|Reading 1||Response||Reading 2||Gospel|
|2 Kgs 4:8-11, 14-16a||Ps 89:2-3, 16-17, 18-19||Rom 6:3-4, 8-11||Mt 10:37-42|
Discipleship: challenges and consolations
In Ordinary time the Lectionary invites RCIA participants and the believing community to hear and to reflect on Jesus’ teachings from his everyday ministry. This week’s readings invite us to reflect on discipleship’s demands and promises.
In the first reading from the second book of Kings, the prophet Elisha accepts the Shunammite woman’s hospitality. Jewish hearers understand Elisha’s need to reciprocate the woman’s hospitality, and see his action as serving God’s people. In today’s gospel, Jesus tells his disciples that “one who receives a prophet earns a prophet’s reward.” Those who show hospitality to Jesus’ disciples will earn a greater reward.
In the second reading to the ekklasia at Rome, Paul reflects on the “already” and “not yet” meanings of baptism. In baptism disciples already participate in the death and new life given by God at Jesus’ resurrection. In baptism disciples have a promise–a “not yet” share–of eternal life: That is, Jesus’ work (his obedience in life and death; his glorification) is complete, but a disciple’s work continues. A disciple’s resurrection requires “living to God in Christ:” continuing obedience to God’s will and rejecting sin (hamartia).
In Matthew’s gospel, Jesus concludes his instructions to his disciples about their mission. In today’s reading, Jesus tells his disciples how he will measure them, and how they will be rewarded.
Who is worthy? In Jesus’ time, family (and family loyalty) was the main impediment to discipleship. In a tribal culture, only family members could be trusted, and only the extended family could provide honor and status, as well as economic, religious, educational, and social connections needed to live. Jesus tells his first-century disciples they must place a relationship with him before their relationship with their families–a radical request.
In the twenty-first century, personal success at any cost is the main impediment to discipleship. In a culture that prizes individuals above community, an individual’s success defines worth and status. Jesus asks his twenty-first-century disciples to place their relationship with him before personal achievements–an equally radical request.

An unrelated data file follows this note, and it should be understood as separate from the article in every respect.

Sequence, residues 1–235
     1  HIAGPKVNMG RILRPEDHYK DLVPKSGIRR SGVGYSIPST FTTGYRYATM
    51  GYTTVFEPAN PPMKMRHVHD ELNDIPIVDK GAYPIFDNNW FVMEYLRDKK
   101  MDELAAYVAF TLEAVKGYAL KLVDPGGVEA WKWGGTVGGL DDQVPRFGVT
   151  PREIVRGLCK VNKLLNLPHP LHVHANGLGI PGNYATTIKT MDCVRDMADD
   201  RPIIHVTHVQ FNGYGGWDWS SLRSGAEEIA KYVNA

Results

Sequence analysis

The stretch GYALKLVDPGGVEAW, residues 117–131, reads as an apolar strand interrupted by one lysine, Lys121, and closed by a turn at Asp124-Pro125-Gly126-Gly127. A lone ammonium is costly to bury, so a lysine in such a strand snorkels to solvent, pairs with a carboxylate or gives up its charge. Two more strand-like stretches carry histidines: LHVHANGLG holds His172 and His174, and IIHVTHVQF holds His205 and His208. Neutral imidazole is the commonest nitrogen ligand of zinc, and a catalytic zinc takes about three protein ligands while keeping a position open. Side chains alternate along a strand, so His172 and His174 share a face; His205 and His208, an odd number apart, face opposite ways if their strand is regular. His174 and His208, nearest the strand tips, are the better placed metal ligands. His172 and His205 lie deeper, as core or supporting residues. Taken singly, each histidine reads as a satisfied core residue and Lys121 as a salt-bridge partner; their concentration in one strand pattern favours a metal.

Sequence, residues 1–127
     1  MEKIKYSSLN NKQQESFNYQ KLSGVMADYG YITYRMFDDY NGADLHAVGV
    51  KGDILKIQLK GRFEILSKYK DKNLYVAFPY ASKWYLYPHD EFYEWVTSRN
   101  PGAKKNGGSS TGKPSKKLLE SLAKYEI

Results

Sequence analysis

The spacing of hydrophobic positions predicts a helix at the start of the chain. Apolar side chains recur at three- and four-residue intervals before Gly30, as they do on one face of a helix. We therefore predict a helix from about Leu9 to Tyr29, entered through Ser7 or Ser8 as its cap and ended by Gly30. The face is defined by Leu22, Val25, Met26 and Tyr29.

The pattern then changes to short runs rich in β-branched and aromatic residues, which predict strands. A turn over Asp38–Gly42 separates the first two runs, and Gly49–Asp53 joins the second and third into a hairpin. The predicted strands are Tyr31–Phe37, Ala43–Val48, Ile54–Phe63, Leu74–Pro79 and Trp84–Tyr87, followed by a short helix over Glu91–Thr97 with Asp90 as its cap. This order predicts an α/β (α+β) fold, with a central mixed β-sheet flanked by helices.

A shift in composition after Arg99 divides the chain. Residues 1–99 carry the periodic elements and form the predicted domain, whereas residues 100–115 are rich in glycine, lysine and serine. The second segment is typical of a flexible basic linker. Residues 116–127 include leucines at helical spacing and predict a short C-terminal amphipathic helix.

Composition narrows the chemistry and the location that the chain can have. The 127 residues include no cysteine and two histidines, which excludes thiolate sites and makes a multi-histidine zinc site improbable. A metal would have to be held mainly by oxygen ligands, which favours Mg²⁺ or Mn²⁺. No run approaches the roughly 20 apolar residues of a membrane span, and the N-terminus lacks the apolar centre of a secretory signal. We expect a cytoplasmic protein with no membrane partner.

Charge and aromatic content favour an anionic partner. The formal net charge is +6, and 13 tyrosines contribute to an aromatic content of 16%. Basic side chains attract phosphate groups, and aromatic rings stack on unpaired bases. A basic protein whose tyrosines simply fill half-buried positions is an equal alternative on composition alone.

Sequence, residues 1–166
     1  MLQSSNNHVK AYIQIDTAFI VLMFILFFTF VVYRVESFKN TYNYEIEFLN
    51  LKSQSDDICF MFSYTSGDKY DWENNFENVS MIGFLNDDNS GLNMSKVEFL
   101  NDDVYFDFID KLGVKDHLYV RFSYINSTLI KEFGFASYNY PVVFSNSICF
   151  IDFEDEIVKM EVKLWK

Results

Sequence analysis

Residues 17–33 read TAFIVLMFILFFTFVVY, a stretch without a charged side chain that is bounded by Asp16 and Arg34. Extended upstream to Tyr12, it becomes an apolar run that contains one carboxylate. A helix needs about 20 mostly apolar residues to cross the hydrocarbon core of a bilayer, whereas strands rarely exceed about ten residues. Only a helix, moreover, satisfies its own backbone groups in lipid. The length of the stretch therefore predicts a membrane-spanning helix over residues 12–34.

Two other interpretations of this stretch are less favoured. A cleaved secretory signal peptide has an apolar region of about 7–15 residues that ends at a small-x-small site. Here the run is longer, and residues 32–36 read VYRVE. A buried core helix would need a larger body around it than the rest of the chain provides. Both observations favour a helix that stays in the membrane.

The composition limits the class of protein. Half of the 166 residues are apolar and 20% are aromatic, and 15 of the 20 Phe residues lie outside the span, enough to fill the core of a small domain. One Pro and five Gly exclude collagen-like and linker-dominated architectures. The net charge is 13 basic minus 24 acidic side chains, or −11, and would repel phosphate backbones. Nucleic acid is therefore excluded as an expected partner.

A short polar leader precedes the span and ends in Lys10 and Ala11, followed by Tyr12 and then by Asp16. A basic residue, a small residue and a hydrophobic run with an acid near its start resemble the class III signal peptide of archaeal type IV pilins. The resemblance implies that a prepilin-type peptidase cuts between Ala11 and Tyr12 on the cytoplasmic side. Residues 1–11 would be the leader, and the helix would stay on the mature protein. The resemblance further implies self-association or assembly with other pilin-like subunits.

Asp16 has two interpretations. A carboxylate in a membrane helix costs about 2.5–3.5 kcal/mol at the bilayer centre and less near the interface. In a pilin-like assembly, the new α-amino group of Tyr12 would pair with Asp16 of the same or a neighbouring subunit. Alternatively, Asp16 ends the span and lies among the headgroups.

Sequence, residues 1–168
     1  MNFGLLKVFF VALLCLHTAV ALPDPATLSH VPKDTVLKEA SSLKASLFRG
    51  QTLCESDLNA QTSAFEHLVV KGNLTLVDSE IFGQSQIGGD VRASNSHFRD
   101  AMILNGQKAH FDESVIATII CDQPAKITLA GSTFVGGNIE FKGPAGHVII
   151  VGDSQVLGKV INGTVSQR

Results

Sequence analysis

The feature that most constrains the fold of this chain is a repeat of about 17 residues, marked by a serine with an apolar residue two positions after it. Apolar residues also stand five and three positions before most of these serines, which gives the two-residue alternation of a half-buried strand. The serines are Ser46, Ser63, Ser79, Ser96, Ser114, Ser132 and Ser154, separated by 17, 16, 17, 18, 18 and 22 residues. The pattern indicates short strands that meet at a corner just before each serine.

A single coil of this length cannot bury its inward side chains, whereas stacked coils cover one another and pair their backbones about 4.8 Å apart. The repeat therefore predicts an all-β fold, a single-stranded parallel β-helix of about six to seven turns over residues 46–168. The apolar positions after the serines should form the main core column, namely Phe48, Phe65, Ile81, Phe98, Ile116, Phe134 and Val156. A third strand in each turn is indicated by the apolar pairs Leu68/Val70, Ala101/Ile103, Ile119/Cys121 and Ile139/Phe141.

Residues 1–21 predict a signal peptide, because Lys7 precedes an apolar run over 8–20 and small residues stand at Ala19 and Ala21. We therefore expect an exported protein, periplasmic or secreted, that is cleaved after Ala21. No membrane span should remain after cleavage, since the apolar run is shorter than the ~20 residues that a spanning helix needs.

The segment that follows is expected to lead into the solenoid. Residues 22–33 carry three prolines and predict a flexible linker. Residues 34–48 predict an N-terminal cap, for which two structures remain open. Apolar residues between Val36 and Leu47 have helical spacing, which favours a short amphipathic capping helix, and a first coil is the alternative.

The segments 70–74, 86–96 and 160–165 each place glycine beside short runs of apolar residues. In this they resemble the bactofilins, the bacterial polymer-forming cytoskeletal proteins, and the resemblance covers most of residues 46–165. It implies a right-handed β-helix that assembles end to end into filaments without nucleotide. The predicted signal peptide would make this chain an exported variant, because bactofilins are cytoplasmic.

In all times, Jesus calls disciples to loyalty to his mission, to the cross’ death to self-interest, and to the daily work of losing one’s life by giving it away to others.
How are disciples rewarded? If the reward for hosting a prophet (see today’s first reading) or a righteous person is great, the reward for hospitality toward Jesus’ disciples is much greater. To receive a disciple is the same as receiving Jesus himself. In this life a disciple might expect hospitality (for example, a cold cup of water) as payment. The disciple’s full payment comes only in the eschatological feast in God’s kingdom. In the kingdom, disciples will receive Jesus’ own reward from the Father: eternal life.
As Jesus concludes his discipleship mission statement, he says clearly what he expects from those who would follow him: place Jesus and his message before everyone and everything else, put yourself and your concerns last, and spend your time and money on others first. This is what the believing community should look like. Do we measure up to Jesus’ requirements? Are we worthy to be called disciples?